Another way to make students feel like part of the group is to prioritize interactions and relationships with you and other students. Feeling connected to others in the classroom, both online and in person, predicts increased motivation and engagement, both of which precede academic achievement. While you may not have thought about the importance of relationships when planning your college studies, the research is clear Relationships are a key success factor. That doesn’t mean you have to be every student’s best friend, nor should you compromise appropriate professional and academic boundaries. However, if you show your students openness and approachability through encouraging words, tone of voice, behavior, and other non-verbal cues, students will feel connected to you in a way that fosters engaged learning.

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And it’s not just about you: enable connections and relationships between students to maximize this strategy. Consider semester-long groups in person or in asynchronous online discussion forums. Structure get-to-know activities, whether the groups meet throughout the semester or rotate on a weekly basis. Build these into group assignments and set an expectation to support others in the group (for example, encourage students to check in with their groupmates if they miss class or have not yet posted in an online small group discussion – maybe do they need class notes or some other form of academic or social support). Or help students find study group members, as Lisa Nunn recommends in College Affiliation: How freshmen and first-generation students navigate campus life. For example, set up a Google spreadsheet where students can find other people to study with on similar schedules.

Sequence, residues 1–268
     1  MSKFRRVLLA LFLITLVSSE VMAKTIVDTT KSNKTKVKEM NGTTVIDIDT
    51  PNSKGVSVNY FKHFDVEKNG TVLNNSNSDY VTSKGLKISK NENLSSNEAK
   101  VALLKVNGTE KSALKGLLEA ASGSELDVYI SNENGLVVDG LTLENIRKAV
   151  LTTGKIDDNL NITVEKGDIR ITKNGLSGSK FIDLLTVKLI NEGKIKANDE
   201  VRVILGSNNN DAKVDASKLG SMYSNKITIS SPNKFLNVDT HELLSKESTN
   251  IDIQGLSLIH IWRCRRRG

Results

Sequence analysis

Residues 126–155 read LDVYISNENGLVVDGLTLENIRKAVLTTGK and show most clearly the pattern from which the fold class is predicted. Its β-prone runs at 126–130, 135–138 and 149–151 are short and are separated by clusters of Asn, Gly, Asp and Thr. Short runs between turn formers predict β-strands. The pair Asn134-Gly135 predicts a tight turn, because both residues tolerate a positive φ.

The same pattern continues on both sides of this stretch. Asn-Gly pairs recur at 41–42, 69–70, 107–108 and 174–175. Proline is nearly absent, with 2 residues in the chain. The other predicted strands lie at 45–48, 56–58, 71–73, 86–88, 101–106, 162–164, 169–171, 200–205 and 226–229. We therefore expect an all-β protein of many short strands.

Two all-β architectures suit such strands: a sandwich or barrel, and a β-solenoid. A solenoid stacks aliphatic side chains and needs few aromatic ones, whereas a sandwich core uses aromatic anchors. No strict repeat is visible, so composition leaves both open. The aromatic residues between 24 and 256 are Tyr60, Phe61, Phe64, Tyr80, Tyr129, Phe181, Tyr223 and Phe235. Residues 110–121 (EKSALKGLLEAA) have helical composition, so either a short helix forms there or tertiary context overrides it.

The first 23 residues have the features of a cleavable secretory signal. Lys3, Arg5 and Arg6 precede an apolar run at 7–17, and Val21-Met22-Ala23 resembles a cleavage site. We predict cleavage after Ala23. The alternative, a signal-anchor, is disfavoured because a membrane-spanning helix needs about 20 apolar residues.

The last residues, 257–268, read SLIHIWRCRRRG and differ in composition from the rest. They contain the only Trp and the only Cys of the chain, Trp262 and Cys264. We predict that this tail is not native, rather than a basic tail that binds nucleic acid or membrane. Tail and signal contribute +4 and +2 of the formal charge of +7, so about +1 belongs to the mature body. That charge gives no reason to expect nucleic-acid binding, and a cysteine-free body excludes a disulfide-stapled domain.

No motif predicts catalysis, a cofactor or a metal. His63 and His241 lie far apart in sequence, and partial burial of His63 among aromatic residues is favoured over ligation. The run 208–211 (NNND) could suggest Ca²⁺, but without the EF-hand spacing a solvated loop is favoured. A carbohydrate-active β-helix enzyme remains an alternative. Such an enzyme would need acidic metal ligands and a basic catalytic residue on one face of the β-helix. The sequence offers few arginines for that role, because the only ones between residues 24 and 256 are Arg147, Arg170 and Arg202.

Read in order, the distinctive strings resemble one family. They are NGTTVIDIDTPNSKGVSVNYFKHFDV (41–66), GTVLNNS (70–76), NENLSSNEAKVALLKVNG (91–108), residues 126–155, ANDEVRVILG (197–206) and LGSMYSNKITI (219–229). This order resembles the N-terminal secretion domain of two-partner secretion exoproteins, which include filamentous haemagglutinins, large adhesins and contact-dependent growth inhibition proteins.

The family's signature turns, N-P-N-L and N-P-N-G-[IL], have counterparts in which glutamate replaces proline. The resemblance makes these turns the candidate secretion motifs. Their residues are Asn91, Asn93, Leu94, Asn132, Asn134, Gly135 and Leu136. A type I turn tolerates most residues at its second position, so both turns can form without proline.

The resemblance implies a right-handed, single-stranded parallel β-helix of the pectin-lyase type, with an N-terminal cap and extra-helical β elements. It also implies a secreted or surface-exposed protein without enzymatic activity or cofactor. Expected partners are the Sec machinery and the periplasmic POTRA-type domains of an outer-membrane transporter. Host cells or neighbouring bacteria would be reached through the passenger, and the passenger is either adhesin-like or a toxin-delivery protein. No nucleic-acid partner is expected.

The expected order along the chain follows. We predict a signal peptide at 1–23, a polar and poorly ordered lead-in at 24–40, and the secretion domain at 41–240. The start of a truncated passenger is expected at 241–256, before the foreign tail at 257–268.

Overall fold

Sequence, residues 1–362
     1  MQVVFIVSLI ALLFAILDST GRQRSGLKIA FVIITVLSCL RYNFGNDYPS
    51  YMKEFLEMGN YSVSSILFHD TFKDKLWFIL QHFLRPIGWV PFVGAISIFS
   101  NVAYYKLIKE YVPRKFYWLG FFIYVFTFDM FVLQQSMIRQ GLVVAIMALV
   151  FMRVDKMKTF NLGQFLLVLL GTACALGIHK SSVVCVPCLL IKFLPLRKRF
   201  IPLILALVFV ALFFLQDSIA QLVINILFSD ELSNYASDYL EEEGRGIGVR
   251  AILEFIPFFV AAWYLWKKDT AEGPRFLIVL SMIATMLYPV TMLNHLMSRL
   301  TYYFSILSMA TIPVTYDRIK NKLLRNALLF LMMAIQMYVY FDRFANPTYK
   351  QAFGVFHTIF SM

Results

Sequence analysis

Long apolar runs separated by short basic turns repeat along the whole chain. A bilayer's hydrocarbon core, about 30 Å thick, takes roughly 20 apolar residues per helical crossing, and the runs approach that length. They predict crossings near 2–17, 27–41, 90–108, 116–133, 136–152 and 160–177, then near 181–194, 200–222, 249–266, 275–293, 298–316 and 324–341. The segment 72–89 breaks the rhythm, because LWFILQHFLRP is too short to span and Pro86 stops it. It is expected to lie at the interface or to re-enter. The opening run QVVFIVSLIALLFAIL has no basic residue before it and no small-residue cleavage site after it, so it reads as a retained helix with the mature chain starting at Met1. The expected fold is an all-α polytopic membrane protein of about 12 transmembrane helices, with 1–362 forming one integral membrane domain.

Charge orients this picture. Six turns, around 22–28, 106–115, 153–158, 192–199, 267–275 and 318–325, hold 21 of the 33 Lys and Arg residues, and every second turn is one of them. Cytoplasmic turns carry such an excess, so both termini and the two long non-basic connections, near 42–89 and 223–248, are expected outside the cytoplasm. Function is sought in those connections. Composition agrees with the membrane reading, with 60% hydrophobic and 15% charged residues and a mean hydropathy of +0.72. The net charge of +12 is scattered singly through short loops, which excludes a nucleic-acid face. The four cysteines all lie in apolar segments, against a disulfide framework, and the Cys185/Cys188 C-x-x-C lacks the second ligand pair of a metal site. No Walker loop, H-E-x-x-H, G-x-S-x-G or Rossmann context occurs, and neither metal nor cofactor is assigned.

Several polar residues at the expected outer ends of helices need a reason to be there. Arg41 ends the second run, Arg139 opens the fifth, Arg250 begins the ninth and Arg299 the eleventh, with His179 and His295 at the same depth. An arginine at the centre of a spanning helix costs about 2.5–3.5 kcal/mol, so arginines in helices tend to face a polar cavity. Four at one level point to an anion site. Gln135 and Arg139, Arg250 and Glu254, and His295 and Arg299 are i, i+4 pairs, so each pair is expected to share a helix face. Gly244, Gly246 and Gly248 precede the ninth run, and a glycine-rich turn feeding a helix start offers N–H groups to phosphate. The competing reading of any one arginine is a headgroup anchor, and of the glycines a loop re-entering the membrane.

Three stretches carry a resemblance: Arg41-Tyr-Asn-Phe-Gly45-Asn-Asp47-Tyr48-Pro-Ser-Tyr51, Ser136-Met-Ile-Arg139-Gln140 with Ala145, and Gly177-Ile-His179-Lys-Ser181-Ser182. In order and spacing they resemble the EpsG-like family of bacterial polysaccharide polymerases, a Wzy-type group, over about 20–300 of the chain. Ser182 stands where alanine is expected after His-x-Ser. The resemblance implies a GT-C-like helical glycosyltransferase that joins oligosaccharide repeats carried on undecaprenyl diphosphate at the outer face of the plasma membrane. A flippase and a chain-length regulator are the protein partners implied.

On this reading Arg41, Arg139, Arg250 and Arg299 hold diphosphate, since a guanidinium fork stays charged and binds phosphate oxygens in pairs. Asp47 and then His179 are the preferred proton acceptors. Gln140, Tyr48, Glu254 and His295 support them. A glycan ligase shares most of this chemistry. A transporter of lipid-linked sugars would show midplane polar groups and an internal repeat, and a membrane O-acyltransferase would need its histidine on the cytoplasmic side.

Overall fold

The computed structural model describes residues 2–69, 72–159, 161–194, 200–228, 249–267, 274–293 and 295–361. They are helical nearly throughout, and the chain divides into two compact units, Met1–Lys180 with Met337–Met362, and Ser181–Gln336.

Finally, we can expand affiliation by normalizing academic endeavors and challenges, another recommendation from Nunn. Instead of saying, “I know you learned this concept in a previous class…” (which automatically creates doubt and uncertainty in students who may not have learned the concept), say, “You may be familiar with this concept already, but let’s reiterate it together to make sure we’re all on the same page.”

We can also include short phrases like, “This concept is challenging, but I know you will master it with practice” to reinforce your message that all students belong in your class and are capable of the work required afford to. Such communications help students see that making an effort in their studies is normal and does not mean they are not suitable for college. Rather, it means that they engage in productive learning behaviors that foster their success.

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Communicating to students that they are part of your learning community and that you will help them achieve learning goals shows your confidence that they have what it takes to succeed. These messages, along with structured activities such as purposeful group work or support in forming study groups, are likely to lead to greater belonging and therefore more equal opportunities in our classes.

Flower Darby is Associate Director of the Teaching for Learning Center at the University of Missouri, USA. Her recent books include The Norton Guide to Fair Education And Small online lessons: apply learning science in online lessons.